The spot contract has been in consolidation mode the last couple weeks, setting the stage for a breakout in conjunction with the January WASDE on Jan. 10. It is no coincidence the VPOC, or volume point of control, is $3.87 3/4, which is the price March futures have been oscillating around since mid-December. The VPOC is the level at which the most volume has changed hands and also acts as a magnet for price action. Since consolidating, however, momentum indicators have slowed, putting in lower highs as price has moved sideways. This would tip directional scales lower unless last week's highs of $3.92 can be overcome. The $3.92 level is also noteworthy, as the March contract touched that value three times last week, putting in a triple top. The old trading adage is that triple tops and triple bottoms never hold, so it would not be unusual to see a retest of that level if USDA reports warrant a rally. Encouragingly, March futures held the 50- and 100-day moving averages several times last week, including Friday. Major moving averages are important to algorithmic trading programs and managed trend-following programs alike. Additional short-term weakness would not surprise but we would prefer to stake longer-term directional bias until after USDA and the market has shown their hand this week.
Unlike March corn, March soybeans have not been in a consolidative pattern but instead have been enjoying a sharp rally off the November lows. The rally felt like it came to an end on Friday with the heavy losses following Thursday's near doji close. The fact price almost put in a doji at the end of such an impressive rally is a bit concerning as it shows indecision by the trade at the rally continuing. The sell-off Friday also saw momentum indicators turn sharply lower as would be expected. One lower close does not end a trend, however, and Friday's price action did not do that either. From a short-term, hourly perspective, price action did drop below the Dec. 27 corrective low at $9.38 1/2, but the straight up nature of the rally left very few corrective lows in its wake. We would expect price to get sticky around the 38.2% retracement of the $8.82 1/2 to $9.61 rally at $9.31 if the weakness continues. March soybeans have a very clear path forward with strength back above Thursday's high at $9.61 to move back to a full bullish stance. Otherwise, short-term scales remain down with support expected about a dime lower.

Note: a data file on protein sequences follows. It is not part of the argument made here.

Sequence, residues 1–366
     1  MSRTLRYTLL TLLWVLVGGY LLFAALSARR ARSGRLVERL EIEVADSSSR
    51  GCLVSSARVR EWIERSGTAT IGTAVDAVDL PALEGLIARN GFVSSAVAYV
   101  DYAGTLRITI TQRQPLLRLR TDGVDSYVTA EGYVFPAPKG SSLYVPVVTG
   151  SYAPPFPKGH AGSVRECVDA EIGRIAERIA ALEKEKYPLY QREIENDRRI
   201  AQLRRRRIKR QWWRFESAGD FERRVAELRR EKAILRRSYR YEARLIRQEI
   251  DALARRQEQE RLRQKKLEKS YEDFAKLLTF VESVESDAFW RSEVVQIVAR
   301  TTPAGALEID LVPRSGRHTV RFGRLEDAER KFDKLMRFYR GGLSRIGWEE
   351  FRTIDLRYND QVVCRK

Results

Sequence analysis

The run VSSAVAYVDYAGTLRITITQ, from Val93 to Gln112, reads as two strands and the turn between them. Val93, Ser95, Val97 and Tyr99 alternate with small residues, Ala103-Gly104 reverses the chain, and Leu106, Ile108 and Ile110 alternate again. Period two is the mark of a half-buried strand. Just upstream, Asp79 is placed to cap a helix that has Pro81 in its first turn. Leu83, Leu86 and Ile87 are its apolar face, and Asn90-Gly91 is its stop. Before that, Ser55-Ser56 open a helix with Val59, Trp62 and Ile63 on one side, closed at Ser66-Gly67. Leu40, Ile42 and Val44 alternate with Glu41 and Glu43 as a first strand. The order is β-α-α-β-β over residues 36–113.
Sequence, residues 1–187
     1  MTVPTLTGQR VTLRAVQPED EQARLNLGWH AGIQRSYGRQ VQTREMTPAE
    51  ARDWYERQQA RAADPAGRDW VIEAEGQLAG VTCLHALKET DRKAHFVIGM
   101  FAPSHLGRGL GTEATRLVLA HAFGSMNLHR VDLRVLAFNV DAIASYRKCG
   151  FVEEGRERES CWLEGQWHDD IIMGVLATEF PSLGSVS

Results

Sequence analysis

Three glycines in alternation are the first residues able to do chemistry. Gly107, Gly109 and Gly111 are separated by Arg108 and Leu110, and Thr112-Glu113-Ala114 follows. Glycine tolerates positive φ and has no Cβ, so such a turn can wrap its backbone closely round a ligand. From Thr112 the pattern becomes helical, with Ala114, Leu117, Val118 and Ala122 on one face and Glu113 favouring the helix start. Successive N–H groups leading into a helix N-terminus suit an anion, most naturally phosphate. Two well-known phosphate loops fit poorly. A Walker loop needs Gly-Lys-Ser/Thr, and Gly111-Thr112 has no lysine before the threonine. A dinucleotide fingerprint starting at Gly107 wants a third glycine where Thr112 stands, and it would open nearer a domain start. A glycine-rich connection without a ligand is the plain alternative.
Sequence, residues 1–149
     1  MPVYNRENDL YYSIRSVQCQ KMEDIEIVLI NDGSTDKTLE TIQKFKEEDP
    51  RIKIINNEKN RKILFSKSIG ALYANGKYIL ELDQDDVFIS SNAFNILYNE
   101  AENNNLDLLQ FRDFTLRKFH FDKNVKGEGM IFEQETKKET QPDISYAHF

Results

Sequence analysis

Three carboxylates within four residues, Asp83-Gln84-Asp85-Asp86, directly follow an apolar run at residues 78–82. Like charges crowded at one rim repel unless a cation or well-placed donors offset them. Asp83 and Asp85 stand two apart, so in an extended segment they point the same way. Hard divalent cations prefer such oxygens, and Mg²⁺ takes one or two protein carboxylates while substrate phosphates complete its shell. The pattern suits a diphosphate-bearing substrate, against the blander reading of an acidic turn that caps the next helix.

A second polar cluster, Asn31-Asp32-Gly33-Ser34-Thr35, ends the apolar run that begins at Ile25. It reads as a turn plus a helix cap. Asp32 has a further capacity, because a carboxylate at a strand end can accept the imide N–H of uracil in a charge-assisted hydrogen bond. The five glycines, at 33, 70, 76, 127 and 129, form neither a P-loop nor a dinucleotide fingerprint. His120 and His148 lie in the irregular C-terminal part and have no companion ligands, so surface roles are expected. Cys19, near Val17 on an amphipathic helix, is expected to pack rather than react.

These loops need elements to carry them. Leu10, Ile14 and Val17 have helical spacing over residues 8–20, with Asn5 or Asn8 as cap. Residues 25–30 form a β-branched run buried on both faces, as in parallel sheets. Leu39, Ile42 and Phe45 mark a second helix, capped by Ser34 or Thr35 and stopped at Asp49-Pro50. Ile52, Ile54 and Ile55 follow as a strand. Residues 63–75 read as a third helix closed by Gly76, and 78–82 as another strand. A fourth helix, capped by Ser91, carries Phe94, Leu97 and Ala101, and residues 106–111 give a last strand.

March Chicago Wheat:
The trend in Chicago wheat futures dating back to early September is one of the more impressive technical features in ag markets. While corrections have occurred along the way, only once has there been a lower low in mid-November. This said, it is difficult to dismiss the proximity to the upper range cap at the June highs. In addition, as futures made new highs in late November, again in mid-December and once again last week, momentum indicators such as stochastics made lower highs each time. This is a textbook definition of a bearish divergence between momentum and price. We would consider this a red flag about a looming price correction in March futures. However, until or unless March futures break a meaningful corrective low like that from Dec. 23 at $5.38 3/4, the trend must still be considered up. The distance from major moving averages at $5.11 to $5.29 and spot prices at $5.53 illustrates how strong the trend has been. The VPOC for March futures sits below at $5.28, almost exactly matching the 50-day moving average at $5.29. On a corrective set back, and assuming we break the corrective low from Dec. 23, we would expect that level to act as intermediate term support.
Comments above are for educational purposes and are not meant to be specific trade recommendations. The buying and selling of grains and grain futures involve substantial risk and are not suitable for everyone.
Tregg Cronin can be reached at email@example.com
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